Brother and sister Clesson Blake and Ruth Cook were born on Mountain Road in Gill, where they lived for most of their lives on 87 acres of rolling land they maintained as a small farm and working woodlot. Both were strong proponents of conservation in the old New England sense, with Clesson keeping his model-T truck in operation as a snowplow until the 1990s.
Model-Ts, vintage tractors, and original paintings by nineteenth-century American folk artist Ruth Henshaw Bascomb were among the items on view at the estate auction held at the Blake Farm to benefit land conservation after Ruth Cook passed away in 2008, four years after Clesson. The estate also included the diaries of millwright and carpenter Simon Phillips, covering 1853-1885, and providing a wealth of detail about life in a small New England town.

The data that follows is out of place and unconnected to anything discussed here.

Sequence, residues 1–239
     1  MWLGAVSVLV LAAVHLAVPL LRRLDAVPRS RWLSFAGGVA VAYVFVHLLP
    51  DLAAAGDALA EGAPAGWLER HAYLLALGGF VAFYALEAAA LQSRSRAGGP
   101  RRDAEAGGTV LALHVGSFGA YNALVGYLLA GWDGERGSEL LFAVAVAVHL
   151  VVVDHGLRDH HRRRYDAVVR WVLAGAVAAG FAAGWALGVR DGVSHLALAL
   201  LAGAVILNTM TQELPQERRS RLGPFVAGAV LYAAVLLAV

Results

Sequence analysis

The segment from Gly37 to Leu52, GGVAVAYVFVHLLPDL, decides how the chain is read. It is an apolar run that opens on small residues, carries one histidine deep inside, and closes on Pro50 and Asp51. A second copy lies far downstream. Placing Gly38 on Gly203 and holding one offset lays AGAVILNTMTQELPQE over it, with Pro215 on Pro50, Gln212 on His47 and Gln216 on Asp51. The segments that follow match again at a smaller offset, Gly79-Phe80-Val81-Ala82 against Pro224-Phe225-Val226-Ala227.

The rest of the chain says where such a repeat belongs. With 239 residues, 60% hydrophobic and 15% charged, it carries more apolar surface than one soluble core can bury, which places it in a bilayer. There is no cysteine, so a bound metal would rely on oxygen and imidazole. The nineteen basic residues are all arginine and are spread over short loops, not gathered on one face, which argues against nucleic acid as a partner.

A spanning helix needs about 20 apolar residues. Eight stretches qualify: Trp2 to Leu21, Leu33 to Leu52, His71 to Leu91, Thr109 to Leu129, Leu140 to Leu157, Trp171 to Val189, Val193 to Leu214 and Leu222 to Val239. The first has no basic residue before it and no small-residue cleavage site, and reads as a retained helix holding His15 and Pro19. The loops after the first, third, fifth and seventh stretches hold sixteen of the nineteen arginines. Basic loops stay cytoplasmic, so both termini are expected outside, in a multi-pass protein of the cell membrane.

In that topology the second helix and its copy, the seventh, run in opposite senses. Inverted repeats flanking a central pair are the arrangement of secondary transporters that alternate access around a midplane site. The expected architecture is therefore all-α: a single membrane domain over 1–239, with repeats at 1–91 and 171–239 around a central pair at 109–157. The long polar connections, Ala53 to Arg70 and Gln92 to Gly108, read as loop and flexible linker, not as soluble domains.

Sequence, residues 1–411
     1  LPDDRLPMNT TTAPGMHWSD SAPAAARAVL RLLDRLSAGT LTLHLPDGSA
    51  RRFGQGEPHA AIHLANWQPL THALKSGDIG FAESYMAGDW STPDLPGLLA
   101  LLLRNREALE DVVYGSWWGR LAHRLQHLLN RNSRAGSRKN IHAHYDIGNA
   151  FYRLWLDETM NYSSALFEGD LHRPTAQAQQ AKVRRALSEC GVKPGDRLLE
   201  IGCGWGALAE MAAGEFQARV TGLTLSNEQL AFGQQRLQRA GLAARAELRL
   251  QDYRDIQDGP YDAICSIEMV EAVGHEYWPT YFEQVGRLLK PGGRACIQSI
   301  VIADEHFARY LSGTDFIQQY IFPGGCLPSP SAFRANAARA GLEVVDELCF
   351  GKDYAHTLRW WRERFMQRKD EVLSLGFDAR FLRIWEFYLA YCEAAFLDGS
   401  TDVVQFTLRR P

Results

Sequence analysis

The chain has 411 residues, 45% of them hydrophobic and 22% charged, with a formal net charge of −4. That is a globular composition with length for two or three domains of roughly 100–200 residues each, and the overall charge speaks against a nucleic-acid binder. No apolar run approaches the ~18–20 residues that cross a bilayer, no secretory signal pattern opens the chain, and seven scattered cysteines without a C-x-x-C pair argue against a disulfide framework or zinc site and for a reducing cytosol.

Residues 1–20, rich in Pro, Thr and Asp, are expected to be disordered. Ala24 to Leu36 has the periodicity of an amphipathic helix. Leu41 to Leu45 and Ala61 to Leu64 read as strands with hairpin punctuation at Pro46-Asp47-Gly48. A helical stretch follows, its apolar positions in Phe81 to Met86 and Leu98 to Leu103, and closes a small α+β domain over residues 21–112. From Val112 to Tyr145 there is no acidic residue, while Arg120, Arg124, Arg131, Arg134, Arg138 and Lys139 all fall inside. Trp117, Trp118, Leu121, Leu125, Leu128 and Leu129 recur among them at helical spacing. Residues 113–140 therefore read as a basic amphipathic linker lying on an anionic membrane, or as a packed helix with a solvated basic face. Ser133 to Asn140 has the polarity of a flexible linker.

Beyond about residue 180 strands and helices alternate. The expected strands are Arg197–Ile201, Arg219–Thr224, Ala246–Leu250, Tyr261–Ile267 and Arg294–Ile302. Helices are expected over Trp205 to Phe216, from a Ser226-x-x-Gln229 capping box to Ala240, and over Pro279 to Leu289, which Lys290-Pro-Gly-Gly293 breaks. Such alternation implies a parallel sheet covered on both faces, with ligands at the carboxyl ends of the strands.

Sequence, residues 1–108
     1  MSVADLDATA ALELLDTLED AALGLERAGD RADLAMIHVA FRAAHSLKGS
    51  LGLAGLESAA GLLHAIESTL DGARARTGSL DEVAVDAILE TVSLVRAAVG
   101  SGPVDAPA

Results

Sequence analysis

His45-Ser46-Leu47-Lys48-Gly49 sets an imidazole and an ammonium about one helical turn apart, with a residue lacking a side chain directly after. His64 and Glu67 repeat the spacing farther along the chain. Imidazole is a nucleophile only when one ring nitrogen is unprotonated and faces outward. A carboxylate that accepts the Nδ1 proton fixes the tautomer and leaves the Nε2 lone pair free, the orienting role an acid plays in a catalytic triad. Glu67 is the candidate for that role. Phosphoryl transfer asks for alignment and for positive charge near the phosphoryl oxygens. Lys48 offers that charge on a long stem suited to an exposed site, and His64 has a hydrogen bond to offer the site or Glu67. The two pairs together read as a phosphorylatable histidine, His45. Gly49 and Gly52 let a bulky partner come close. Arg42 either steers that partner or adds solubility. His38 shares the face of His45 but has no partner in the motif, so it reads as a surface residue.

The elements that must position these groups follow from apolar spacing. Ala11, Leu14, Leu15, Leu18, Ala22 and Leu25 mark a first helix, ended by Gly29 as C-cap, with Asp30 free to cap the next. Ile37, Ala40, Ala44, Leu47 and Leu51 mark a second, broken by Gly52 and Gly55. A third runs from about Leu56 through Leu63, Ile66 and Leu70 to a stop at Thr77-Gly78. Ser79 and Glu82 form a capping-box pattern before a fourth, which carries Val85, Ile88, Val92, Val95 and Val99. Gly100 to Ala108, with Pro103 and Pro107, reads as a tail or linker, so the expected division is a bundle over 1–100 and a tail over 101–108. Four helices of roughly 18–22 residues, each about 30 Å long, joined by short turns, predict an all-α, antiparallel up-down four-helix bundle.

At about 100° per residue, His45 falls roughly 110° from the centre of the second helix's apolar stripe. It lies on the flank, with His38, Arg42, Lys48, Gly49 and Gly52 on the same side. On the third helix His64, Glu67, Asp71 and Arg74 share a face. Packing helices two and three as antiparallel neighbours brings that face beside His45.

“Clesson and Ruth always wanted to see their land protected and to see Gill keep its small-town character,” says Dick French, a cousin of the pair and executor of their estate. “They willed their property to trusts for the benefit of land protection in Gill, and that’s helped pay for the appraisal and survey costs on a number of pieces of land protected out here, including our Gill Town Forest.”
The Blake and Cook land had been protected with a temporary conservation restriction in 2008. French then worked with Mount Grace to find a way to permanently protect the land, which includes more than 1,000 feet of frontage on Gill's Main Road.
This year, in accordance with Clesson and Ruth’s wishes, new owners Colleen Sculley and Chris Polatin have now donated a permanent CR on the property to Mount Grace. "We are thrilled to call the Blake Farm home," says Polatin, "and we're thrilled to carry on the common vision of land conservation and stewardship shared by the Blake family, our family and Mount Grace."